Neurological disorders related to mTOR pathway deregulation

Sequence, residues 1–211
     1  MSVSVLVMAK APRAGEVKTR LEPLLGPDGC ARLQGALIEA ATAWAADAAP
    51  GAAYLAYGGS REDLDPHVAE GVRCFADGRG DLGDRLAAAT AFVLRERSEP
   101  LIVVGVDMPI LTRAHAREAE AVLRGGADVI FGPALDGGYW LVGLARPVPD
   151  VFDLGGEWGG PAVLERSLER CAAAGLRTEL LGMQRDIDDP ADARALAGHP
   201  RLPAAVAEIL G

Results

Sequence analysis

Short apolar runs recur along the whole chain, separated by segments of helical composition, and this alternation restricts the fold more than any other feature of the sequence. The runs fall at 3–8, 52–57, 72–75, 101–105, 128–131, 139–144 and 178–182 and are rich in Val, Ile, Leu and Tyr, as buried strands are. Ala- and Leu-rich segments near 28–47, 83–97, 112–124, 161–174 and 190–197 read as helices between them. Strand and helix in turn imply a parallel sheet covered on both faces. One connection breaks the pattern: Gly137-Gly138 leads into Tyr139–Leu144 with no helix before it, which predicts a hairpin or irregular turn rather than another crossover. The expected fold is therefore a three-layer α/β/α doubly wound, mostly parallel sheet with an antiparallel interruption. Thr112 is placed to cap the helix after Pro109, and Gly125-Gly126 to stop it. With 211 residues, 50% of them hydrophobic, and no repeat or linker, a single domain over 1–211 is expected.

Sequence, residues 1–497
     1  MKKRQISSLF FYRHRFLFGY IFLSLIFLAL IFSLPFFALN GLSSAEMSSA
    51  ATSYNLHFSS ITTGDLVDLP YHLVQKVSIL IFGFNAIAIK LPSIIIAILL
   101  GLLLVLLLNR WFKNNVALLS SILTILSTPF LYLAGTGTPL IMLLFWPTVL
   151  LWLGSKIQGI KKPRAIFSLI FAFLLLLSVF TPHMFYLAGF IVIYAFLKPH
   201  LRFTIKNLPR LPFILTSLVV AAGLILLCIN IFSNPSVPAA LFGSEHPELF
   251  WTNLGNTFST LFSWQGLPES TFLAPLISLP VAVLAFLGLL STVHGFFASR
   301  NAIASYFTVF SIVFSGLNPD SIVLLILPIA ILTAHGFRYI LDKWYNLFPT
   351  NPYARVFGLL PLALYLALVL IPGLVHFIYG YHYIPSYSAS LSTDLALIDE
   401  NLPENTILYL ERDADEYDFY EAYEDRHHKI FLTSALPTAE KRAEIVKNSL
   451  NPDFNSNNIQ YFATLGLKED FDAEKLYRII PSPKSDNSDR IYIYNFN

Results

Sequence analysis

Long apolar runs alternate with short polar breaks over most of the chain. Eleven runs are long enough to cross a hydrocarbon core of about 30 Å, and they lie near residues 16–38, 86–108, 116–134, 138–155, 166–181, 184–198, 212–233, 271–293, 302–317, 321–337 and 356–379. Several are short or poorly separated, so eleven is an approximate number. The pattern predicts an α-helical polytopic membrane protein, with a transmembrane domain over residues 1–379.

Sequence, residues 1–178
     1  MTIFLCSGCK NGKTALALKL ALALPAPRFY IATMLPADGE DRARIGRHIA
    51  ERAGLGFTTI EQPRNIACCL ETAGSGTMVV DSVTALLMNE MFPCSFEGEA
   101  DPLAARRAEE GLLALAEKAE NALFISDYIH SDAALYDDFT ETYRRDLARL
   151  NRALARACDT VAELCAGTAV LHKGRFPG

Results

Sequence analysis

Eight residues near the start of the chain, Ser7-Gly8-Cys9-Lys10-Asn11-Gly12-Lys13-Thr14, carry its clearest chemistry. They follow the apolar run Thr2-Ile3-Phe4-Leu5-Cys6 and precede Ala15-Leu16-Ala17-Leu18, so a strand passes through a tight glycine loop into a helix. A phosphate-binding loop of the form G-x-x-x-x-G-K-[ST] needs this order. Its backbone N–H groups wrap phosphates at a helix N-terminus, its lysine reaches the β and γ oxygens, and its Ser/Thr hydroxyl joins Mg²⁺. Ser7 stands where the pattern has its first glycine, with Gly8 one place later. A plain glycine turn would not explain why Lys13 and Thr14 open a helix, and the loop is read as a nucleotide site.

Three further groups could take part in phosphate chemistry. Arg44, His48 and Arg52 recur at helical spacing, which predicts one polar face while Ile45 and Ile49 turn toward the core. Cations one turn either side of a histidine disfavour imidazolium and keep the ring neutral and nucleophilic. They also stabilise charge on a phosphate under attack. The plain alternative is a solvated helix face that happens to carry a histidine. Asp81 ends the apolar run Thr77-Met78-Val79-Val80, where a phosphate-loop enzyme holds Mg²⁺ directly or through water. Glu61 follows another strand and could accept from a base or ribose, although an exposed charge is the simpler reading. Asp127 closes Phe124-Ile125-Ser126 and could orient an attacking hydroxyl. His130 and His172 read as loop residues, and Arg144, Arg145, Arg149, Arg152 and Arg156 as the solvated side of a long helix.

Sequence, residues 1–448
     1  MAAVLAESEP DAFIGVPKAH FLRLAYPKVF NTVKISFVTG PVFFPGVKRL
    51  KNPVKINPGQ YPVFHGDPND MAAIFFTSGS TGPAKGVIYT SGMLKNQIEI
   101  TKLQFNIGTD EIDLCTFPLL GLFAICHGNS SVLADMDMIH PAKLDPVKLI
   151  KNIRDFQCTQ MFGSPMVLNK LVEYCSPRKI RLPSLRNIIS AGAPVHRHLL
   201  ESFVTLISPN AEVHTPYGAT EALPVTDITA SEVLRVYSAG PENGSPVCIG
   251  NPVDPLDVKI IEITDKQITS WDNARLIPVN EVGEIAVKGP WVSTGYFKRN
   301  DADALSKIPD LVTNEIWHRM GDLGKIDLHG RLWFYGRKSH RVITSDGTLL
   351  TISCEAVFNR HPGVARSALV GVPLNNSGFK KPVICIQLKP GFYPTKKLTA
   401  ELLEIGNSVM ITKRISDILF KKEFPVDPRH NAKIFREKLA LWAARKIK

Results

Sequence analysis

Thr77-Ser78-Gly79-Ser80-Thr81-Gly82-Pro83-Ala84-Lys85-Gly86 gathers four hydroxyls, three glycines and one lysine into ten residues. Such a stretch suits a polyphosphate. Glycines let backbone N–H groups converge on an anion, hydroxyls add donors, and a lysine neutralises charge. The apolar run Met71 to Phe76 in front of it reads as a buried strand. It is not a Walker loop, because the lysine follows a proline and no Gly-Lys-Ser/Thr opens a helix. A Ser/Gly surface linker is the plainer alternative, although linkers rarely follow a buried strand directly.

Given the multiple roles of mTOR pathway in brain homeostasis and development, it is not surprising that its deregulation has been implicated in several monogenic neurodegenerative and neuropsychiatric diseases. These include the already cited TSC, caused by mutations in TSC1 and TSC2, or the PTEN Hamartoma Tumor Syndromes (including Cowden syndrome, Lhermitte–Duclos disease and Bannayan–Riley–Ruvacalba syndrome) caused by mutations in PTEN; in all these cases the genetic defect leads to the hyperactivation of mTORC1. TSC and PTEN-mutated neurons have similar but not identical pathologic phenotypes, possibly reflecting subtle differences in the signalling that have yet to be discovered. Other neurodevelopmental disorders due to mTOR deregulation include epileptic encephalopathy, and neurodegenerative and psychiatric diseases.62 ,63 The present review underlines the role of mTOR hyperactivation in the major FE syndromes with or without MCDs (table 1). In particular, both germinal and somatic mutations have been reported in genes coding for different components of mTOR signalling, such as GATOR1 encoding genes, PIK3CA, AKT3 and MTOR itself.7 ,19 ,33 ,48 ,64 Despite several evidences implicating the deregulation of mTOR pathway in the pathogenesis of epilepsy, the way in which it triggers epileptogenesis is still unknown. mTORC1 hyperactivation could contribute to aberrant circuit formation or alter already established neural circuits. Furthermore, as mTOR activity is regulated by several non-genetic factors, a combination of mutations in mTOR signalling genes and environmental factors could hyperactivate mTOR synergistically, representing a possible explanation for the variable phenotypes found in mTORopathies.62 Moreover, MCD-related epilepsies due to mutations in mTOR pathway genes often show early onset and poor response to pharmacological treatment. This could be partly explained by the fact that anticonvulsant medications represent only a symptomatic therapy, which does not address the underlying biological mechanism. The implication of mTOR signalling in a wide variety of lesional and non-lesional FEs is now promoting the development of targeted therapies based on mTOR inhibitors, which could significantly improve patients' treatment and prognosis.65 ,66 In particular, the prototype drug for all mTOR inhibitors developed so far is rapamycin; some examples of available rapamycin analogues (rapalogs) are everolimus, temsirolimus and ridaforolimus.67 ,68 Second-generation mTOR inhibitors block the feedback activation of PI3K/AKT signalling acting as ATP-competitive mTOR kinase inhibitors; finally, drugs targeting downstream components of mTOR signalling pathway are being developed.68 ,69 Preclinical studies on animal models of TSC and other mTORopathies have shown a positive effect of rapamycin on the development of seizures and on seizure frequency, and early administration resulted also in a reduction of the alterations of cortical development. Moreover, clinical pharmacological trials on patients with TSC are now underway using rapalogs as everolimus, and first evidences support the potential role of this class of drugs,51 notwithstanding some concerns about the timing to obtain a curative effect and the possible associated side effects; the review by Citraro and colleagues70 comments on the last achievements of both preclinical and clinical trials using mTOR inhibitors to treat epilepsy or prevent epileptogenesis. Patients with refractory lesional epilepsy eligible for surgery, who carry mutations in mTOR pathway genes, represent a substantial challenge for the identification of the correct therapeutic strategy. For instance, it is still unknown whether germline mutations (which are present in every cell of the brain) underlie neural malfunctioning, which is more widespread than the focal lesion, as reported for TSC, where extended epileptogenic networks not restricted to tubers have been described.71 This implies that surgical resection of the detected EZ may not be sufficient to abolish seizures. Rare cases that underwent lesionectomy showed a good surgical outcome;40 however, more robust prognostic data are needed.